Oct 19, 2023 - News

Bay Area students protest Israeli military actions in Gaza

High school students stand on a platform raising the Palestinian flag and "Free Gaza" signs

Students rally for Palestinians during a walkout on Oct. 18. Photo: Courtesy of Arab Resource & Organizing Committee

Students across the Bay Area participated in a walkout Wednesday to demand a ceasefire in the Israel-Hamas war and protest Israeli military action against civilians in Gaza.

Why it matters: The walkout, part of a day of action coordinated by the San Francisco-based Arab Resource & Organizing Committee (AROC), spurred concern about escalations as academic institutions across the country navigate student activities around the war.

Driving the news: Footage shared with Axios shows Balboa High School students leading chants at a rally, a crowd of George Washington High School students repeating "Palestine will never die!", and dozens of students at Berkeley High School and Oakland International High School marching with Palestinian flags.

  • Students walked out "to stop the genocide in Gaza and demand that local leaders protect Palestinian, Arab, Muslim and all students against racist attacks," according to AROC's social media post about the event.

Yes, but: Concern for Jewish students prior to the walkout led over 70 parents to write an open letter calling on the San Francisco Unified School District (SFUSD) superintendent, Matt Wayne, to "ensure our students are and feel safe, secure and respected at school."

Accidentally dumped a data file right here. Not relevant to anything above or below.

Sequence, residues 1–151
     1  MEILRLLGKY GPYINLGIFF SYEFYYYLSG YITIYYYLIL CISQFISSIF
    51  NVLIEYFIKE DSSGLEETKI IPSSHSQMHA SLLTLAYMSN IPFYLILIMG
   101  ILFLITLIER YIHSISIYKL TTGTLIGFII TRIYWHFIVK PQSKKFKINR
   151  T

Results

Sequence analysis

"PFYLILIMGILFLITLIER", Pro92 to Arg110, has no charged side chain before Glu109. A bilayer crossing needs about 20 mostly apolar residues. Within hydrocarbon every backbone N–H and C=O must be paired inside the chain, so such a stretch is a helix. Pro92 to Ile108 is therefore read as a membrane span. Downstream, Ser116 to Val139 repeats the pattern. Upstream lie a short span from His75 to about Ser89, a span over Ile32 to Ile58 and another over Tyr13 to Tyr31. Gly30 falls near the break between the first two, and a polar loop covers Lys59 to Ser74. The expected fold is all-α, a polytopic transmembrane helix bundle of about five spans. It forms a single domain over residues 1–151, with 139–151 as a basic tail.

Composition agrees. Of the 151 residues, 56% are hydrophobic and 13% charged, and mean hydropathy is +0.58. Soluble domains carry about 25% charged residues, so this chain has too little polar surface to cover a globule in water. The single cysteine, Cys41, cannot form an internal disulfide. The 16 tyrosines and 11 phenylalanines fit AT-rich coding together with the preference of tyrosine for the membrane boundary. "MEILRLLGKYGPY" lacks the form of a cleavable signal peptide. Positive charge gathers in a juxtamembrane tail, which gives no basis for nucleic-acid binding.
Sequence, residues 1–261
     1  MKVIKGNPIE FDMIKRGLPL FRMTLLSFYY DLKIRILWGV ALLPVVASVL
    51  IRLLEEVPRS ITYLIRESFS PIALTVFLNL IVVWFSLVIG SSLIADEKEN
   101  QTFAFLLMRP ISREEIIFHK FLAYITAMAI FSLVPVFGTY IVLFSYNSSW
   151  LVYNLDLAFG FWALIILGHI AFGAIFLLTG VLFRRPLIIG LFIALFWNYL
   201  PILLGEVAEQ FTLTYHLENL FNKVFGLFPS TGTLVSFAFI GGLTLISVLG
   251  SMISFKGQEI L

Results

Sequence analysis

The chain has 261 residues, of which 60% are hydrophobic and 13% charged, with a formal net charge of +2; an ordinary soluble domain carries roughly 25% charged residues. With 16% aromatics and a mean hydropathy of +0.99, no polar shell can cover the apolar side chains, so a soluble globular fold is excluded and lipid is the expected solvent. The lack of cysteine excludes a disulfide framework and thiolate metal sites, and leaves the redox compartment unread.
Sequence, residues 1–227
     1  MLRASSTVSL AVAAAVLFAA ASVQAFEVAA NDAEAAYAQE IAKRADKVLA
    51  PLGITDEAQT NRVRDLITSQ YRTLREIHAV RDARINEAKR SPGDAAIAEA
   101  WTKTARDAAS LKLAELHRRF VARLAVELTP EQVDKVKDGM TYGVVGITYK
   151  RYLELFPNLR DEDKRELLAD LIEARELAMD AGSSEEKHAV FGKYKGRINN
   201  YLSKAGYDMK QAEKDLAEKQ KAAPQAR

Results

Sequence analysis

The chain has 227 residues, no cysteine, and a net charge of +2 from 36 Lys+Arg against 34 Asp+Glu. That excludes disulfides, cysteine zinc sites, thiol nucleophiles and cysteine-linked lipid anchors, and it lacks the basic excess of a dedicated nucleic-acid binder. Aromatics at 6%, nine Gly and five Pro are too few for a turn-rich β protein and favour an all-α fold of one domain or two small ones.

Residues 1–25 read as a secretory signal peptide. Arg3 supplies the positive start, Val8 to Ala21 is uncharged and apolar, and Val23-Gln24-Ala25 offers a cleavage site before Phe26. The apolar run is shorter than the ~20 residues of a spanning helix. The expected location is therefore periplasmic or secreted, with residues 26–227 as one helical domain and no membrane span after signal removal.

• The letter also denounced AROC's mission and accused the group of glorifying those involved in Hamas' attacks on Israel.

State of play: Citing recent increases in both antisemitism and Islamophobia, Wayne wrote in a Tuesday email to SFUSD families that while the walkout is not an SFUSD-sponsored activity, the district "supports the right of our students to express their views in a peaceful manner."

  • The district had issued guidance around rights and expectations to site leaders and staff, but emphasized that safety is the priority and that it would immediately address any violations of anti-discrimination policies.
  • "We hope that as adults you will join us to model the same behaviors that we want to see in our classrooms and schoolyards," Wayne said.

Zoom out: Colleges and universities are also grappling with how to respond to the Israel-Hamas war amid fear of angering students, faculty, donors and alumni.

  • Attempts to leave space for nuance in school statements about the conflict have been denounced for not strongly condemning the atrocities committed by Hamas — in turn prompting apologies and second statements.

What they're saying: "This issue has always been a hotbed for campuses," says Kristen Shahverdian, who runs nonprofit PEN America's programming around free expression best practices.

  • The war is "exposing those fault lines" on school campuses, which are "places to have disagreement, dissent, conversation ... in the classroom or out of the classroom."
  • But in times of crisis like this, schools "cannot use language that's evasive or unclear," she said. "That doesn't serve anyone."
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